My Cold Kentucky Home: Coal Country Turning To Solar As Heating And Housing Costs Climb

By Sydney Boles

Joe Oliver and Tony Brown peered into the dark crawl space beneath a Letcher County, Kentucky, home. Already, they could see problems. The crawl space had been blocked off with just a thin sheet of plywood; the posts supporting the house rested on uneven blobs of poured concrete; the whole place reeked of mold. 

A gas leak detector beeped urgently at the meeting of two pipes.

Crawling on elbows and knees, ducking to avoid exposed pipes, Oliver and Brown found flood damage, poor ductwork, and one very large spider.

Later, the pair hauled themselves into the homeowner’s attic, appalled at the poor craftsmanship. A flimsy internal door was all that stood between insulated space and an unsealed attic. This homeowner was likely wasting a huge amount of electricity.

Read more…

Appalshop approaches 50, unveils largest net-metered solar project in Eastern Kentucky

By Will Wright

Fifty years ago, a Yale-educated architect named Bill Richardson was on his honeymoon, paddling a rowboat in Maine’s Audubon Nature Preserve with his wife Josephine, when he asked her if she wanted to move to Eastern Kentucky. 

A job in Letcher County with the Office of Economic Opportunity promised at least a short stint of interesting work: training young Appalachians in the art of film-making. 

Today, the Richardsons’ project, now called Appalshop, is approaching its 50th year, and on Friday plans to unveil the largest net-metered solar project in Eastern Kentucky. Starting in the fall, and throughout 2020, Appalshop will host a series of events celebrating its anniversary. 

The solar project is one example of how Appalshop has grown over the years from a work-training program focused on film-making, to a conglomerate of media and community development projects including the solar initiative and a rural-urban exchange program…

Through the Letcher County Culture Hub, an Appalshop community-development network, the group will also install three solar projects with the Hemphill Community Center, the King’s Creek Volunteer Fire Department and HOMES, Inc. Read more…

Investing Half a Million Dollars Toward Solar in Letcher County

By Ariel Fugate

Over the past several months, we have been working with four organizations in Letcher County to study and finance installation of solar on their buildings in 2019. 

The four community-led organizations in Letcher County include Hemphill Community Center, Kings Creek Volunteer Fire Department, Housing Oriented Ministries Established for Service, Inc. (HOMES, Inc.), and Appalshop. With utility rates on the rise in Eastern Kentucky, the solar installations support the sustainment of each organization’s critical mission to provide resources to Eastern Kentuckians. 

John Craft, MACED’s New Energy intern, pictured with two HOMES Inc employees on February 26 as they prepare the building for panel install.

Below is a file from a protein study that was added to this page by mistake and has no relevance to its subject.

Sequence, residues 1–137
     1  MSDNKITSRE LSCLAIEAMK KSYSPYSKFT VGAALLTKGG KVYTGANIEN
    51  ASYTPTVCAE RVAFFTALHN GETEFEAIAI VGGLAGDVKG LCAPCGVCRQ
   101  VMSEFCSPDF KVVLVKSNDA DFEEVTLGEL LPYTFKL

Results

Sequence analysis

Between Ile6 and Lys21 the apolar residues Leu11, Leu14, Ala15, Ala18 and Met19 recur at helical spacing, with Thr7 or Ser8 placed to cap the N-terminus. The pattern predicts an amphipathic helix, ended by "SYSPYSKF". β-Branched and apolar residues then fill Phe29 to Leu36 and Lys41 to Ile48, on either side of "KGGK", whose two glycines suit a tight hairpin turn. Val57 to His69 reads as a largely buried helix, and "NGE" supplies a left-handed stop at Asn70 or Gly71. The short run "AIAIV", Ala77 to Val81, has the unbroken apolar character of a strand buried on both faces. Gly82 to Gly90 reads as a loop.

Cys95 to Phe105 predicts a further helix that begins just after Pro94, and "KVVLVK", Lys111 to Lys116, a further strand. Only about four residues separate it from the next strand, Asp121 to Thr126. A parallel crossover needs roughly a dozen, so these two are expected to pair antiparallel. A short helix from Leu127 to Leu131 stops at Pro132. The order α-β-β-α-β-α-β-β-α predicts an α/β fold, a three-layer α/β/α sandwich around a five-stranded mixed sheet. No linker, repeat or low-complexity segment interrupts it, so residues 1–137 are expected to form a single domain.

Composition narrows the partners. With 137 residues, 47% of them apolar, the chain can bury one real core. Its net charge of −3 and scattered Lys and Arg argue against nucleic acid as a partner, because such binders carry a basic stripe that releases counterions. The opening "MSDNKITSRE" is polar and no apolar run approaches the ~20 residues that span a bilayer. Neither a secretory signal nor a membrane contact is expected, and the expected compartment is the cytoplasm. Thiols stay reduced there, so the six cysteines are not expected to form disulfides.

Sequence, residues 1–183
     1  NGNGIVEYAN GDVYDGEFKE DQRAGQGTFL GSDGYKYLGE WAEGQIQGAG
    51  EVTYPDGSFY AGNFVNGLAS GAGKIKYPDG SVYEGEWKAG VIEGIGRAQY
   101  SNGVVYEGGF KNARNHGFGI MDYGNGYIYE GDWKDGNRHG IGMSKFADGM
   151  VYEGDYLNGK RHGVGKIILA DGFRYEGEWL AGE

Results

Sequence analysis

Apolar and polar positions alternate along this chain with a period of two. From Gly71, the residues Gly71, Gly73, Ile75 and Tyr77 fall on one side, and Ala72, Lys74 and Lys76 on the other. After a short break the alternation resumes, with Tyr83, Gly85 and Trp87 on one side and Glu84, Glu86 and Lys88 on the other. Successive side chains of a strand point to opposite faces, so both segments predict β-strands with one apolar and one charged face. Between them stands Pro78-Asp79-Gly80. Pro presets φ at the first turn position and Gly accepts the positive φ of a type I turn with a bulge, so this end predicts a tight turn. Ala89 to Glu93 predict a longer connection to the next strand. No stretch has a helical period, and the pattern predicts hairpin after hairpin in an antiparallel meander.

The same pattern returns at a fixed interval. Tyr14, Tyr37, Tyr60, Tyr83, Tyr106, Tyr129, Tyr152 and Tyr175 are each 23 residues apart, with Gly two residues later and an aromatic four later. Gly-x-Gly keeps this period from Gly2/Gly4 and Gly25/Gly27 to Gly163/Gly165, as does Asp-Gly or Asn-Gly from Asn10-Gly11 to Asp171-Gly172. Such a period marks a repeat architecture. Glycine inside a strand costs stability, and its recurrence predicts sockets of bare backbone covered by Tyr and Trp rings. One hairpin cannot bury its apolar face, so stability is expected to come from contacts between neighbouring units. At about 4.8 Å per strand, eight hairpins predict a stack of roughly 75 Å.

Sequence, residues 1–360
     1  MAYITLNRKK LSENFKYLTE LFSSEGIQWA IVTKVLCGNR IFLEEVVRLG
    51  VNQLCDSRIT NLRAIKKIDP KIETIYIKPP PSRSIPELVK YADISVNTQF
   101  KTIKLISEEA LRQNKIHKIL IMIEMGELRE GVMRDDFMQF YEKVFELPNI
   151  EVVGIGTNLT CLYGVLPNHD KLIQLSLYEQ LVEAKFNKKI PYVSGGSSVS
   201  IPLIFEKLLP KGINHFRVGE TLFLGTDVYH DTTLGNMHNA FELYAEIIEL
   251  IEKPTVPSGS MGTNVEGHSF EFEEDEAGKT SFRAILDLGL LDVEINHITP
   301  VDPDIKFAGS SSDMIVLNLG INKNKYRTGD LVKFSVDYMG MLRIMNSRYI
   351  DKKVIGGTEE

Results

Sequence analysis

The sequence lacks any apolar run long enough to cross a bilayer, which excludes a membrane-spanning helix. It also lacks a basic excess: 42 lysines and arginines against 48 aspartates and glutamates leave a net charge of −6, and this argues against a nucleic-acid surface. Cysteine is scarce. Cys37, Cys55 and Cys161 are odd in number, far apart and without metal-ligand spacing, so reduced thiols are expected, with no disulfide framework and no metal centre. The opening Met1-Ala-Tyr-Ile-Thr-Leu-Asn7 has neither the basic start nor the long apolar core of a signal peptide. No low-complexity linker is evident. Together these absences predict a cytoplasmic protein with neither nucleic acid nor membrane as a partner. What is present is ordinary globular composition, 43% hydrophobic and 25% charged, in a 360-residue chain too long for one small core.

This solar system will be tied into the electric grid under Kentucky’s 2008 net metering statute. Because of that, it is anticipated that the costs of the project at HOMES’ will be recovered within 10 years. 

Executive Director Seth Long says the solar project is a key part of their efforts to build a brighter future in the region. 

The organizations are part of the Letcher County Culture Hub, a growing network of community-led organizations in Letcher County who work together to create new opportunities. The Hub has worked together to bring solar to Letcher County, collaborating to get bids from potential installers, learn about financing options, and execute projects. HOMES Inc is the first to execute their project and installation began on February 26.  Read more…

Kentucky Communities Unlock their Cultural Wealth to Lead the Way Forward

By Abbie Langston and Lorrie Chang

Letcher County, Kentucky is at the very heart of Appalachia, a region as rich in history and culture as in natural resources. Over the last 10 years, the county has lost more than 90 percent of coal jobs that had sustained its economy. About 98 percent of residents are White and 80 percent voted for Donald Trump in 2016.

At first glance, this rural area might seem to have little in common with diverse urban centers like Detroit and Pittsburgh. But the challenge of advancing a just economic transition in coal country is not dissimilar  with the challenge of building an equitable economy in metropolitan regions once dominated by steel, automotive, or other manufacturing sectors.

Like these cities and other “company towns,” Eastern Kentucky citizens once drew their lifeblood from a single industry, and now face the challenge of charting a new economy. One resident likened coal’s hold to addiction. The coal companies proclaimed, “you mine the coal and we’ll take care of you,” she explained. When coal collapsed, this dependency left communities in fear and desperation. So it’s no surprise that many residents have welcomed the prospect of a proposed federal prison as another economic anchor to fill the void.